I can tell you two things now: One, that is not a title I ever thought I would write and two, I feared, yesterday, that I would have to have Jumble put down.
When I was in hospital, eleven years ago, with Seroxat-induced hepatitis, I was given Tramadol for the pain – and had the worst, and most scary, hallucinations of my life up to that point.
So, when the lovely vet I saw yesterday suggested this powerful pain-killer for my beloved pet, I was very uncertain. But, after weeks of witnessing Jumble’s obvious suffering – and having almost no sleep myself – I had to do something to help him – and the vet and I had both agreed that his time to go had not yet arrived because, despite the age-related ills, he still enjoys life and has a gentle and inquisitive soul.
Bless him, he was almost puppyish in the surgery, as ladies at the desk petted him and plied him with doggy biscuits. In fact he did something I haven’t witnessed in a long time, and feared he was no longer capable of doing: Reared up so that his front paws were on the desk, the better to catch treats I imagine. Unfortunately, Sunday’s lamb bone, combined with an overdose of bone-shaped biccies, released the Turds of War and, with nary a glance, he shat copiously upon the floor, leaving me in the role of Small Slave, scurrying around behind him with abundant plastic bag-age and face red with embarrassment!
But compared to the fact that there really is life in the old dog yet, and that he had worked his charm upon the veterinary practice, the way he always has, a poo on the parquet was neither here nor there.
Much relieved, but absolutely shattered (I slept for only three hours, if that, Sunday night), I went to Shadow of the Tor rehearsal. It was so lovely to see everyone again, but I did feel pretty subdued and a bit weepy for much of it, though I perked up towards the end: Sleep-deprivation on a large scale has this effect, I find, and, when combined with the very real worry that I might have had to have Jumble euthanised, probably explains my uncharacteristic lack of energy.
Once home, I took the first Tramadol out of its packet and slipped it into a sausage roll – knowing, as I do of old, that my dog is nobody’s fool when it comes to drugs and has an uncanny habit of eating his way round them and then leaving them, chalky and conspicuous, upon his plate.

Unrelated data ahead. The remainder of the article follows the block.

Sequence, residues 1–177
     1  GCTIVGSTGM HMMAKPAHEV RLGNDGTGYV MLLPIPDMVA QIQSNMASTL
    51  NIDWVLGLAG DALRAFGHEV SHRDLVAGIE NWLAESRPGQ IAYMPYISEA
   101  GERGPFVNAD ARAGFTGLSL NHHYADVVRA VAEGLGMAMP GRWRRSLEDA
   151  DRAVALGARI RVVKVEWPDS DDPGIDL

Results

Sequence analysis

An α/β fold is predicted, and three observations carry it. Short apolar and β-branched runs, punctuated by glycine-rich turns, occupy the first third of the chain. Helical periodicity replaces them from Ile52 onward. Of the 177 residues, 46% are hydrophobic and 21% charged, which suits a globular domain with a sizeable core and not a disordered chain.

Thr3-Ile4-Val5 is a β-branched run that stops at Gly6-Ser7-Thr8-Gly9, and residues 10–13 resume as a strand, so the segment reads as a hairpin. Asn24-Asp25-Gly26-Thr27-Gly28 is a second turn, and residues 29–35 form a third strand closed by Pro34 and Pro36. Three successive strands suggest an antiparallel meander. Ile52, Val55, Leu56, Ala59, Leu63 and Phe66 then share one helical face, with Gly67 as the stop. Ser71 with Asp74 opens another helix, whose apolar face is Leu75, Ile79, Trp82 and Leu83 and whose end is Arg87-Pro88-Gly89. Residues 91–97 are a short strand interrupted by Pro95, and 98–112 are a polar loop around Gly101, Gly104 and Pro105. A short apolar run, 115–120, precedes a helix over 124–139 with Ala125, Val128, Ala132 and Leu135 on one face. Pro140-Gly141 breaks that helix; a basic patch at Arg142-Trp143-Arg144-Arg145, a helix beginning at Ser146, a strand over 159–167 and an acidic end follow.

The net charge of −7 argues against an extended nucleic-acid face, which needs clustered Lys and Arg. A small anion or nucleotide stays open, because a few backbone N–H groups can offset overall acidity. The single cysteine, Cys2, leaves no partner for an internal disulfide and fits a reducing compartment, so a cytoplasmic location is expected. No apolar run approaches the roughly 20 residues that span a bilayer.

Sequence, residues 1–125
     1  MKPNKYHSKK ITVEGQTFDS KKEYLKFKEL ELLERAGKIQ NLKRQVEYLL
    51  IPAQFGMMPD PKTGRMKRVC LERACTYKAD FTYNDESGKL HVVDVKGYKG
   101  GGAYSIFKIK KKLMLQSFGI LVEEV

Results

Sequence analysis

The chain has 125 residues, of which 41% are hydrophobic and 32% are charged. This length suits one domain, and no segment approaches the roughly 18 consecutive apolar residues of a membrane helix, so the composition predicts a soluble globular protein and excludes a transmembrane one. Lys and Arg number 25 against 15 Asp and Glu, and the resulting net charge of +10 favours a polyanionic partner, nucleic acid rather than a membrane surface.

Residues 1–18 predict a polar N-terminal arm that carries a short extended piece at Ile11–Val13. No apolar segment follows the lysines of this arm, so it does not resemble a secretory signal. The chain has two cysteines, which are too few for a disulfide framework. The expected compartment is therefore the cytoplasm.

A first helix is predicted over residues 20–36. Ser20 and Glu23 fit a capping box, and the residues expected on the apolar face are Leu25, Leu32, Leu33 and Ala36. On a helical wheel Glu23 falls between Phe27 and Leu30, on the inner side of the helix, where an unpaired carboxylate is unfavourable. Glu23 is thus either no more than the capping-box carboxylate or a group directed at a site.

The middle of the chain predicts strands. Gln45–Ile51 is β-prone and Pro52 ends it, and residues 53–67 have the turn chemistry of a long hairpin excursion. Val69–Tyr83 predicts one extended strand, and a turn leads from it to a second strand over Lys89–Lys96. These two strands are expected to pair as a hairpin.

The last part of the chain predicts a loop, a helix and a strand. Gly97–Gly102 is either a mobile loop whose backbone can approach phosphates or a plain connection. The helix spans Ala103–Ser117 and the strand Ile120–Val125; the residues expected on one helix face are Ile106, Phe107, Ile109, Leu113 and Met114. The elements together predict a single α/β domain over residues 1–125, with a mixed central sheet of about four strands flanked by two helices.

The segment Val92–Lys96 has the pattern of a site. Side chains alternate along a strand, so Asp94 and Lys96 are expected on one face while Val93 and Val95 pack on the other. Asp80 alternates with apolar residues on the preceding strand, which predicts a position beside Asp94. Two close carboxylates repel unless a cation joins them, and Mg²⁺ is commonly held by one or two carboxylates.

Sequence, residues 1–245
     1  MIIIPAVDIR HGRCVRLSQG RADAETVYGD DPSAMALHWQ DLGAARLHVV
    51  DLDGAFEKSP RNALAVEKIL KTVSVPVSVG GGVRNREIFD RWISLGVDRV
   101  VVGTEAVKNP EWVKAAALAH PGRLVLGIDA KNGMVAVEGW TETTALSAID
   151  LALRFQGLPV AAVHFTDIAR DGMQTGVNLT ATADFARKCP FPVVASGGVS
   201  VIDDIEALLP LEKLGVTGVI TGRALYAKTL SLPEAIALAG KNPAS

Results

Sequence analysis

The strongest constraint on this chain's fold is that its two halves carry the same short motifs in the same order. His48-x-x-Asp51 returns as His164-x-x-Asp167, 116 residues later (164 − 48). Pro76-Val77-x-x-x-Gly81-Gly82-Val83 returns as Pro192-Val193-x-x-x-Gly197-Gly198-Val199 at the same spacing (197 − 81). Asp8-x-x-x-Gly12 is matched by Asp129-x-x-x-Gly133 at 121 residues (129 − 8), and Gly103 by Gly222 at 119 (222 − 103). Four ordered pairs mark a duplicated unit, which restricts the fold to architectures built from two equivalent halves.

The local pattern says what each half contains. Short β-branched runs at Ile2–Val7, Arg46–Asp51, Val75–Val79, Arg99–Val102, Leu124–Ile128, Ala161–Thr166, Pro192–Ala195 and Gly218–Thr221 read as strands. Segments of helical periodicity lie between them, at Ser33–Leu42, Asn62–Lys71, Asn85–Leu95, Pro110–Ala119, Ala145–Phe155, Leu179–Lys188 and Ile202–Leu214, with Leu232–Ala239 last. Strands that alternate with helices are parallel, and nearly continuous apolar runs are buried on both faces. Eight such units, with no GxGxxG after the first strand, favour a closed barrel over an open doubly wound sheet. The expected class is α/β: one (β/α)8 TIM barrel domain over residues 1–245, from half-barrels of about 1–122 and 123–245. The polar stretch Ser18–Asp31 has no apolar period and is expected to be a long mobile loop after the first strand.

He’s a bit partial to sausage rolls and, to my relief, wolfed the whole thing down without apparent suspicion. I then watched him, heart in mouth, semi-convinced that he would either keel over in a coma or go into the canine equivalent of a seriously bad trip on Acid!
Nothing happened initially and, torn between relief that I was not going to have to bury the remains or watch him fighting imaginary Jabberwocks all night and fear that the drug would have no effect, he and I sloped up the steep stairs to bed.
Hoisting himself up onto the purple throw, he slumped on his side. Gingerly, I got in and looked at him. Was he still breathing? Yes! Twitching from the start of psychedelic nightmare? No!
Sleep came to him speedily, wrapping warm and comforting arms around his elderly body. He looked relaxed and at peace – and he slept, like a puppy, all night. There was no panting, no wandering around, no barking, no torment of spirit. It was wonderful – for me because I slept from ten till gone eight; for Jumble because whatever it is that is giving him pain was soothed and quietened by the strong drug; and, in the wider sense, just this vast relief that the dog is with me for a little bit longer and that a pill to control at least some of his symptoms is available.
I am not stupid. I know that he is declining slowly, that he is not going to get substantially better and that our time together is likely to be measured in months rather than years – but this infusion of Tramadol, and hope, means that his final phase in a long life can be made easier and, with luck, more fun and that we can both get a decent night’s sleep.
Yes, thank Goddess for Tramadol!